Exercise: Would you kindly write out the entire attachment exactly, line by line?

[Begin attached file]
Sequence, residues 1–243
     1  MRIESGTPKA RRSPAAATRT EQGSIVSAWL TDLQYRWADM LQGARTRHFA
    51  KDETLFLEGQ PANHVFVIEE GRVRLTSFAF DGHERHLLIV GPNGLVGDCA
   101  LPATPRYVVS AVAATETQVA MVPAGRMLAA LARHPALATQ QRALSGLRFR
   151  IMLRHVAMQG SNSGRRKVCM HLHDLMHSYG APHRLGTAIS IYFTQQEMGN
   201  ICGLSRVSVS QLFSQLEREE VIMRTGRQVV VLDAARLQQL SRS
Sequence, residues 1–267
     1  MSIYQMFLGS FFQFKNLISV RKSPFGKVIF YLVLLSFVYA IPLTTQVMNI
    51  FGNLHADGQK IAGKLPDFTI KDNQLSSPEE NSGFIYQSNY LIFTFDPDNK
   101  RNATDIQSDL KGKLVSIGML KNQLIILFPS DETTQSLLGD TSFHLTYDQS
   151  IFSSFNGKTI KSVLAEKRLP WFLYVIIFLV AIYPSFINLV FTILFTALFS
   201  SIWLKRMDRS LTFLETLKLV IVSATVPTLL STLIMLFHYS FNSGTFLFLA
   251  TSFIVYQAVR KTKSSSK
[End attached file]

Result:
Sequence, residues 1–243
     1  MRIESGTPKA RRSPAAATRT EQGSIVSAWL TDLQYRWADM LQGARTRHFA
    51  KDETLFLEGQ PANHVFVIEE GRVRLTSFAF DGHERHLLIV GPNGLVGDCA
   101  LPATPRYVVS AVAATETQVA MVPAGRMLAA LARHPALATQ QRALSGLRFR
   151  IMLRHVAMQG SNSGRRKVCM HLHDLMHSYG APHRLGTAIS IYFTQQEMGN
   201  ICGLSRVSVS QLFSQLEREE VIMRTGRQVV VLDAARLQQL SRS
Sequence, residues 1–267
     1  MSIYQMFLGS FFQFKNLISV RKSPFGKVIF YLVLLSFVYA IPLTTQVMNI
    51  FGNLHADGQK IAGKLPDFTI KDNQLSSPEE NSGFIYQSNY LIFTFDPDNK
   101  RNATDIQSDL KGKLVSIGML KNQLIILFPS DETTQSLLGD TSFHLTYDQS
   151  IFSSFNGKTI KSVLAEKRLP WFLYVIIFLV AIYPSFINLV FTILFTALFS
   201  SIWLKRMDRS LTFLETLKLV IVSATVPTLL STLIMLFHYS FNSGTFLFLA
   251  TSFIVYQAVR KTKSSSK